City will help showcase the Bard’s work to the world.
BBC Director General Tony Hall has launched the BBC’s plans to mark the 400th anniversary of Shakespeare’s death with its most far-reaching celebration of Shakespeare’s work ever broadcast, The Shakespeare Festival.
Birmingham will play a key role hosting the celebrations with a collection of activity across digital, television, live events and educational initiatives coming straight from the city.
Joe Godwin, Director of BBC Birmingham said: “The ambitious plans we have set out for the Shakespeare Festival are incredibly exciting. The whole organisation is collaborating closely to create really bold content to entertain and educate on the genius of Shakespeare, and BBC Birmingham is proud to play a key part in it. Amongst the many of the things we are up to, we will be delivering an online festival of performances called Shakespeare Lives which will be accessible to watch from anywhere in the world. There will be lots to look out for from here and of course from Shakespeare’s Midlands home in Stratford-Upon-Avon.”
Helen Boaden, Lead on the BBC Shakespeare Festival, added: “From searching for the ‘Best Bottoms in the Land’, to new exciting drama and documentary commissions across TV and radio; live programming from Stratford to an irreverent on line game using Shakespearian quotes and BBC Local Radio documenting on their websites where and how Shakespeare’s plays have been performed; our aim is to make Shakespeare simply irresistible. We want to reach out to every generation and all parts of the UK to ensure everyone can explore the enduring magic of our greatest ever writer.”
A specialised digital team at BBC Birmingham will be bringing the genius of William Shakespeare to life across the globe in Shakespeare Day Live and the Shakespeare Lives Festival where the nation’s greatest performing arts institutions come together in a single online Shakespeare festival – accessible anywhere in the world. On April 23rd 2016 in partnership with the British Council and in collaboration with the Royal Opera House, the British Film Institute, the Royal Shakespeare Company, the Space and the Hay Festival will bring a remarkable collection of interpretations of Shakespeare’s work together in one digital space for audiences in the UK and around the world to experience. Following the live stream on 23 rd April this diverse collection of work will be available internationally for six months at www.bbc.co.uk/shakespearelives.
At the centre piece of the Shakespeare Festival in Stratford-Upon-Avon will be Shakespeare Live! From the RSC, broadcast during the weekend of Shakespeare’s birthday, hosted by David Tennant, directed by Gregory Doran and produced for television by John Wyver, Shakespeare 400: Live from the RSC will celebrate Shakespeare’s enduring influence on all art forms. A stellar cast, including Dame Judi Dench, Joseph Fiennes, English National Opera, (ENO), Birmingham Royal Ballet, Ian Bostridge, and Akala (Hip Hop Shakespeare) will perform in a unique star-studded tribute to the genius and influence of the world’s greatest playwright and story teller.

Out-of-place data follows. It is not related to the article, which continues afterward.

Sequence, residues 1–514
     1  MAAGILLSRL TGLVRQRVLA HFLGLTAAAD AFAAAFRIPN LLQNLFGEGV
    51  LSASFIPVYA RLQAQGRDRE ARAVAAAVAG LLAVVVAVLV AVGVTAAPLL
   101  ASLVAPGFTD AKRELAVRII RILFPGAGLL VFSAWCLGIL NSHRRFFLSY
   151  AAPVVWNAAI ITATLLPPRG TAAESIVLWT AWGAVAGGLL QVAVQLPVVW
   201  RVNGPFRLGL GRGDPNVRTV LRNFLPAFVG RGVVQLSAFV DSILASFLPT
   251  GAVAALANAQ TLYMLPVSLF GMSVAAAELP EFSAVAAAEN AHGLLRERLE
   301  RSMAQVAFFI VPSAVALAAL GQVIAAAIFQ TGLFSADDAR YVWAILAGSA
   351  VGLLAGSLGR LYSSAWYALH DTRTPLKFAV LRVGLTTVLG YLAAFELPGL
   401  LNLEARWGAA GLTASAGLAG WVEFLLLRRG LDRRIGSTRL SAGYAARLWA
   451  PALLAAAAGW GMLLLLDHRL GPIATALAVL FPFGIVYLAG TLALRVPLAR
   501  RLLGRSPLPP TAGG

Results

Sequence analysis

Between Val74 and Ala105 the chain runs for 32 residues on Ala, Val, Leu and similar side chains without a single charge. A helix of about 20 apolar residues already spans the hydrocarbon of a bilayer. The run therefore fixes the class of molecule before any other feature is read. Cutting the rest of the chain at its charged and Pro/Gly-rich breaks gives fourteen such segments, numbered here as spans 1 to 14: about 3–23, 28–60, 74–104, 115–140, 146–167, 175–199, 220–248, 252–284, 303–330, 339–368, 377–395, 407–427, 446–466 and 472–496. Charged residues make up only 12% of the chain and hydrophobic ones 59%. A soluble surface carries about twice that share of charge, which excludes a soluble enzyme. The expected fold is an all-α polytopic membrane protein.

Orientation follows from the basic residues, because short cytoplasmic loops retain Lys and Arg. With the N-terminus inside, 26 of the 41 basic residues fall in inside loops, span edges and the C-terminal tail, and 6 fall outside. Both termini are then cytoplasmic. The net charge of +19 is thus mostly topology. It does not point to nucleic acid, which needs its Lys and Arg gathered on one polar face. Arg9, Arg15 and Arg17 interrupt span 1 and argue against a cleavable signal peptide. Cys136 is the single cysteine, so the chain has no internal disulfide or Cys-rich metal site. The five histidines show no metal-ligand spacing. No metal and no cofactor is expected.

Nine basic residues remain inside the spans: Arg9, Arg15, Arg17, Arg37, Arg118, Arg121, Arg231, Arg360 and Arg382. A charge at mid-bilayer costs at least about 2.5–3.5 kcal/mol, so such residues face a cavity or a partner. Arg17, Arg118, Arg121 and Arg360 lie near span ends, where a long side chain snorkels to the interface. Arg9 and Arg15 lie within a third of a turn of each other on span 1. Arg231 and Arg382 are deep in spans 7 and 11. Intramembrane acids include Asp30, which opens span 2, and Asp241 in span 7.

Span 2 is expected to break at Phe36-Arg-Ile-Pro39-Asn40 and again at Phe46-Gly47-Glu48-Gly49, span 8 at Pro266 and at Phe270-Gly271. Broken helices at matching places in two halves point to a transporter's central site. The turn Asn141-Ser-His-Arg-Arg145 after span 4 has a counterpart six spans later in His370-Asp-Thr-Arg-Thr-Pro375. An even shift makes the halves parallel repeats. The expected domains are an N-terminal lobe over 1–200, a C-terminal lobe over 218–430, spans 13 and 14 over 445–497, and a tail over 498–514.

There will be a BBC Radio 3 residency in Stratford-upon-Avon from 22nd-24th April where the station will broadcast live from the birthplace of Shakespeare, including the world premiere of new work by Carol Ann Duffy.
On television screens, produced by the English Regions team in Birmingham for BBC One, Best Bottoms in the Land will follow the RSC’s quest to put on A Midsummer Night’s Dream: A Play for the Nation where, for the first time, professionals will be joined by local amateur theatre companies and, in a TV first.
BBC Live lessons will be broadcast from the Library of Birmingham for school children across the UK. In partnership with the RSC, BBC Learning will offer lessons that explore the language and work of Shakespeare. As part of a special CBeebies production of A Midsummers Night Dream there will be nine short films to feature on CBeebies website and You Tube channel supported by Daniel Tyler from The Birmingham Rep. This will features four Birmingham primary schools.
BBC One daytime soap Doctors will offer storylines during the anniversary of the week Shakespeare died inspired by a Shakespearian Sonnet and Home Front, Radio 4’s daily drama set in WW1 Britain, will conceal a Shakespeare phrase in every episode until 31st December.
BBC English Regions based in Birmingham will produce Shakespeare on Tour – building a digital picture of the explosion in the performance of Shakespeare’s plays, from the first performances to the present day. Having partnered up with up with the British Library and the Records of Early English Drama, the BBC has produced over 200 stories which mark iconic performances across England from the time Shakespeare himself was performing with his group of actors – through to the Victorian times – and including more modern performances of his work in regional theatres across the land. These stories will be broadcast across every local BBC radio station across the country.